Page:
We’ve set out in this series to explore some of the literary devices in the Bible. Specifically, we’re looking at:
(1) common figures of speech;
(2) common semantic, rhetorical and poetic devices; and
(3) common structuring techniques.
The first category—common figures of speech—can be subdivided into:
(a) figures of speech involving comparison; and
(b) figures of speech involving substitution.
Thus far we have looked at nine figures of speech involving comparison (simile, metaphor, hypocatastasis, parable, allegory, personification, anthropomorphism, anthropopathism, and zoomorphism). We continue today with the first figure of speech involving substitution—metonymy.
Pronunciation: \ mə-ˈtä-nə-mē \
Metonymy is a figure of speech in which a certain word or expression is substituted for the related thing it is intended to suggest. Metonymy is distinguished from metaphor in that metaphor draws resemblance between two different things (e.g., “You are sunlight,” where human beings and sunlight are two different things without any association, but a comparison is attempted based on a suggested similarity of some kind).
Metonymy, however, is a substitution based on the grounds of a close association (e.g., “The suits gathered in the office to discuss new market strategies,” where “suits” substitutes for the expression “business executives,” who typically wear suits while working in the office).
• “Rebels took to the streets to oppose the crown (= authority associated with the king or queen).”
• “The brass (= military officers) at the Pentagon (= Defense Department) testified yesterday.”
• “It was a bad day on Wall Street (= stock market, U.S. financial institutions) today.”
• “The pen (= ideas expressed in writing) is mightier than the sword (= brute force).”
• “Teenagers often drive with a lead foot (= too much speed) until they have their first accident.”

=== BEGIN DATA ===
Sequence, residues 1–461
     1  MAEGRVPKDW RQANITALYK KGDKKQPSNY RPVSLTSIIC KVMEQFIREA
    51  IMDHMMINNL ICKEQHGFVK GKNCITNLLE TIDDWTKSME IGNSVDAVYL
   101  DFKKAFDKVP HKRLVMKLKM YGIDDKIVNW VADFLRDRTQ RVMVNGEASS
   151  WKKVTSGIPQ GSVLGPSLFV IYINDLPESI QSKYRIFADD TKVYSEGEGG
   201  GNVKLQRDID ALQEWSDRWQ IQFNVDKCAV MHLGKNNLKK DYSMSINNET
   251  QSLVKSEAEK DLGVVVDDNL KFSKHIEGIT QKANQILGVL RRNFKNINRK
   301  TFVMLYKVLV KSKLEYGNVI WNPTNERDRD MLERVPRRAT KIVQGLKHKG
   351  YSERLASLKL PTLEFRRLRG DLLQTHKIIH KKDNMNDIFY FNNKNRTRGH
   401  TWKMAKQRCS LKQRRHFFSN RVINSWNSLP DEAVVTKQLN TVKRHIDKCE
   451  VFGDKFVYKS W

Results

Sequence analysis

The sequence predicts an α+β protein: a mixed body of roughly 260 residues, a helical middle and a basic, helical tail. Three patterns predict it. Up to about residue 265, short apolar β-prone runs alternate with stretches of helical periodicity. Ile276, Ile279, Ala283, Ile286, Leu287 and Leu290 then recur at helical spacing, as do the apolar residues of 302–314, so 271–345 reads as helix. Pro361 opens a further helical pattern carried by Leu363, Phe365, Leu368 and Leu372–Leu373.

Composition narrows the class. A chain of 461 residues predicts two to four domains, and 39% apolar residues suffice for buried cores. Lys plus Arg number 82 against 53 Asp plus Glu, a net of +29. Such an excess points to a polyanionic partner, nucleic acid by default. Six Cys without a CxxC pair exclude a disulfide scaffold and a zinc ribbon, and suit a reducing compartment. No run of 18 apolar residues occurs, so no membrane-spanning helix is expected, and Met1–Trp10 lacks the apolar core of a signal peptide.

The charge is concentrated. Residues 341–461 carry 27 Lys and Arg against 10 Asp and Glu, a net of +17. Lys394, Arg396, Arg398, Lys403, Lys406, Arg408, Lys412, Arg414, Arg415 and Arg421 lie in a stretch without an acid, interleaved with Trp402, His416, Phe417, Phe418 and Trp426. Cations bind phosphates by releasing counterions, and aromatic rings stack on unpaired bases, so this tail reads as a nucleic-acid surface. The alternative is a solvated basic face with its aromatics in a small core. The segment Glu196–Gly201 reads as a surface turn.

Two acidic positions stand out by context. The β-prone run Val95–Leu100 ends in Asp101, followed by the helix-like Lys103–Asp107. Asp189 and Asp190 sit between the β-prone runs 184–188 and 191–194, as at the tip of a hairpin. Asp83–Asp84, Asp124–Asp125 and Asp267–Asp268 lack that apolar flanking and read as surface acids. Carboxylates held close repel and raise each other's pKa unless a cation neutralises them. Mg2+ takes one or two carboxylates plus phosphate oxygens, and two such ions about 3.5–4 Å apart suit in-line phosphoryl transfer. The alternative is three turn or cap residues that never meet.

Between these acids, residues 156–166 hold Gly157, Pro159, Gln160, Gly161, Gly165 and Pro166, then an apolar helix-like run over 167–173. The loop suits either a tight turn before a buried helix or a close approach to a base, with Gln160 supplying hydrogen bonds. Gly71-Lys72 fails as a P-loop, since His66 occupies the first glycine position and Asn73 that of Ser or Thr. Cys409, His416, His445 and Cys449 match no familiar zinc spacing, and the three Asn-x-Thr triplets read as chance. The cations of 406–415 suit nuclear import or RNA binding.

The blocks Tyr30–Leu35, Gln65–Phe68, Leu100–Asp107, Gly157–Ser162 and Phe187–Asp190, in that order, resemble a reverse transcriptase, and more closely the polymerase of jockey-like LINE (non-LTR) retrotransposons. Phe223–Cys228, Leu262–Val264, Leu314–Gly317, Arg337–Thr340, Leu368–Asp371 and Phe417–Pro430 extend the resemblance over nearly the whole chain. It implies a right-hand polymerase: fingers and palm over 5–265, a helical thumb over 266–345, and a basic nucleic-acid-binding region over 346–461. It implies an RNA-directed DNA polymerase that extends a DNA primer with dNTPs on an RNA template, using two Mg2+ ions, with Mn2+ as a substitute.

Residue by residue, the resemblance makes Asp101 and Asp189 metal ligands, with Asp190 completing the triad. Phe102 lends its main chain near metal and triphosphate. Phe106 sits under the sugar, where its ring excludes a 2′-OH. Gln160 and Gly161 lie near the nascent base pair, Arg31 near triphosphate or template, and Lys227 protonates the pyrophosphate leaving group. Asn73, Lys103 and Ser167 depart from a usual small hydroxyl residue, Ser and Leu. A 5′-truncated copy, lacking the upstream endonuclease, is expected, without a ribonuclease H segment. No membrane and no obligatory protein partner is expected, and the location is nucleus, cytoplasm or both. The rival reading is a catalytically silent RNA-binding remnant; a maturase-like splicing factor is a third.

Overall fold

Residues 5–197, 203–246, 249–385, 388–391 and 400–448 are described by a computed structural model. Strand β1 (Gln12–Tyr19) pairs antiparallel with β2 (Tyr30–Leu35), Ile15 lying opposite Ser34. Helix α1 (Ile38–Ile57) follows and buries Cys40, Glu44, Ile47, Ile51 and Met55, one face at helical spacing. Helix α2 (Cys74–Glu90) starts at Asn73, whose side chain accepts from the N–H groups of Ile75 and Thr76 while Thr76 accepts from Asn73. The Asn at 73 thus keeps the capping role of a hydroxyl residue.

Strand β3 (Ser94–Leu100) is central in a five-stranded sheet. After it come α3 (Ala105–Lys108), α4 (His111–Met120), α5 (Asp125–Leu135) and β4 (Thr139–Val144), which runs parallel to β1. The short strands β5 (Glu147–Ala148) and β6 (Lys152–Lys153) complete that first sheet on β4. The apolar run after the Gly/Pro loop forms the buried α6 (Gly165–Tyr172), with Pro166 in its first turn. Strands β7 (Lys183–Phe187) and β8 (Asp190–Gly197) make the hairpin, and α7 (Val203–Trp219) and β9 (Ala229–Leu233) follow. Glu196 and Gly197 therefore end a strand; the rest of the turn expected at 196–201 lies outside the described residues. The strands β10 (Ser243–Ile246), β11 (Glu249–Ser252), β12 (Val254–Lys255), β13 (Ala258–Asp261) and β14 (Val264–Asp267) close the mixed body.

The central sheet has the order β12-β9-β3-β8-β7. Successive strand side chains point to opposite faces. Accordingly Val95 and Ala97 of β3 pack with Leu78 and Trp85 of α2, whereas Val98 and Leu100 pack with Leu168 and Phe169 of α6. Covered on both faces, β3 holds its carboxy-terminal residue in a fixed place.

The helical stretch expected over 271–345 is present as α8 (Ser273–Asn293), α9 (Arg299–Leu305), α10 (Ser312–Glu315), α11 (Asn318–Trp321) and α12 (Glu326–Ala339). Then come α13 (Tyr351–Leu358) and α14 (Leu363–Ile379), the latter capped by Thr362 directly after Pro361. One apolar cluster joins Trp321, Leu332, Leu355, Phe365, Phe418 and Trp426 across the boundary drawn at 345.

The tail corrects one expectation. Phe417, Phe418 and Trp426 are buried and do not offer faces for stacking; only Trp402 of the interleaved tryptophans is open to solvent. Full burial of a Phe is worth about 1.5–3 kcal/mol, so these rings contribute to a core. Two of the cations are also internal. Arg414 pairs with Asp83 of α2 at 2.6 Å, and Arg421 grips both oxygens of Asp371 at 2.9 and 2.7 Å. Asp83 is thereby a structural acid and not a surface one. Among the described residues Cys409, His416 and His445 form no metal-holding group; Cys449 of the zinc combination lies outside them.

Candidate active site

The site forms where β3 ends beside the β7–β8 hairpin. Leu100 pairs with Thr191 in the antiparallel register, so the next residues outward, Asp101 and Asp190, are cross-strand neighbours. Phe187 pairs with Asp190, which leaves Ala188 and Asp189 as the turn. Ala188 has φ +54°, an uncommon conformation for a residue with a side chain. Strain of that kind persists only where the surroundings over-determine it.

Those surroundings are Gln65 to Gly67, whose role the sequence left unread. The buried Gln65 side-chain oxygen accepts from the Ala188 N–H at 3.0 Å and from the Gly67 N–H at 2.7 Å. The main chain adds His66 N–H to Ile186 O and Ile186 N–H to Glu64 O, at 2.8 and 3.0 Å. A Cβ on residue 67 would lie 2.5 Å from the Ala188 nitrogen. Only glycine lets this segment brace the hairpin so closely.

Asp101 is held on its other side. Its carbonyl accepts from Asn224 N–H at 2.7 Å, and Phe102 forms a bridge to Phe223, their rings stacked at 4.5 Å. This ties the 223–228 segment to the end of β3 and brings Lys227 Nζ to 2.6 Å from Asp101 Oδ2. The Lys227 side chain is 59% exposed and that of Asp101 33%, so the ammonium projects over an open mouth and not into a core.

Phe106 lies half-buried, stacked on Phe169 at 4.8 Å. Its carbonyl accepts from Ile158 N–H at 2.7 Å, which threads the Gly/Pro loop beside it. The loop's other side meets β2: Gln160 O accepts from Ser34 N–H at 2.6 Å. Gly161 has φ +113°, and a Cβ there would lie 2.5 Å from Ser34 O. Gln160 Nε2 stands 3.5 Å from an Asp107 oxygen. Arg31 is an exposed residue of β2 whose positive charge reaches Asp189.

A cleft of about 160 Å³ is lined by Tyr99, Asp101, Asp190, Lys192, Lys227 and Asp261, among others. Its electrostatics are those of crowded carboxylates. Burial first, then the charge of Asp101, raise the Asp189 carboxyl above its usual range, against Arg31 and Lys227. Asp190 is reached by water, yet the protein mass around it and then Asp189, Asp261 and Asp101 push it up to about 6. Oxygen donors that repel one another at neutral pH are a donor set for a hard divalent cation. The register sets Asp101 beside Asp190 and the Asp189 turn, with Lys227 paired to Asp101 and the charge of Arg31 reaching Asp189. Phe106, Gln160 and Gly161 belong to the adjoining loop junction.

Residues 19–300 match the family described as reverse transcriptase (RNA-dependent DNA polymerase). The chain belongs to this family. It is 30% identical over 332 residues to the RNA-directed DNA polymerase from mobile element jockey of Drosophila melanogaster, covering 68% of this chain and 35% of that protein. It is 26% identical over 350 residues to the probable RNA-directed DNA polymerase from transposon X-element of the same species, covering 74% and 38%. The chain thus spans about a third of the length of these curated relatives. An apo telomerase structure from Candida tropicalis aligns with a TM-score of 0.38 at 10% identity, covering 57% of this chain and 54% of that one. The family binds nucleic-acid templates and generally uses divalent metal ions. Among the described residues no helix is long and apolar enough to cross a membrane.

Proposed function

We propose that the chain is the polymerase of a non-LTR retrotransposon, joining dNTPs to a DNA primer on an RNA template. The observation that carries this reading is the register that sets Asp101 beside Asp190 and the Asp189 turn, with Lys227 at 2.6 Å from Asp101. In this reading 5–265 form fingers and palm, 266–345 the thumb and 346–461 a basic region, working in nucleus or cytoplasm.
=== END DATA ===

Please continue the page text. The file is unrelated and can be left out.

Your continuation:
• “He’s addicted to the track (= horseracing) and needs help now before he goes bankrupt.”
• “For my devotions this month, I’ve been reading Matthew (= the book of Matthew).”
• “And the whole earth was of one lip (= language) . . .” (Gen 11:1a)
• “At the mouth (= testimony) of two or three witnesses . . . .” (Deut 17:6a)
• “. . . when he sees that their hand (= strength) is gone . . . .” (Deut 32:36)
• “Pour out your anger (= judgment) upon the nations.” (Ps 79:6a)
• “They have Moses (= the Torah) and the Prophets (= the prophetic books) . . . .” (Luke 16:29a)
• “The grave (= dead people) cannot praise you . . .” (Isa 38:18a)
• “You prepare a table (= food and drink) before me . . .” (Ps 23:5a)
• “The scepter (= rulership, tribal supremacy) shall not depart from Judah . . . .” (Gen 49:10a)
• “May the name (= the person) of the God of Jacob protect you . . . .” (Ps 20:2)
• “Repent, for the kingdom of heaven (= God) is near.” (Matt 4:17b)
As noted above, when it comes to metaphor (and the related figure hypocatastasis), the thing to which a comparison is made is both semantically distant and imaginative. In metonymy, however, the word that triggers the association is semantically near and real (i.e., there really is a crown, brass, pen, foot, etc., though much more is meant by the substitution word).
If we say, “The White House said today . . . ,” that is a metonymy, “White House” being substituted for the president in the White House. But there is a White House. On the other hand, if we say, “Uncle Sam wants you!” that is a hypocatastasis. There is no Uncle Sam; he is a fictional character. (Uncle Sam is therefore also an anthropomorphism for the government.)
The definition at Merriam-Webster.com for metonymy.
An audio pronunciation guide for the word metonymy.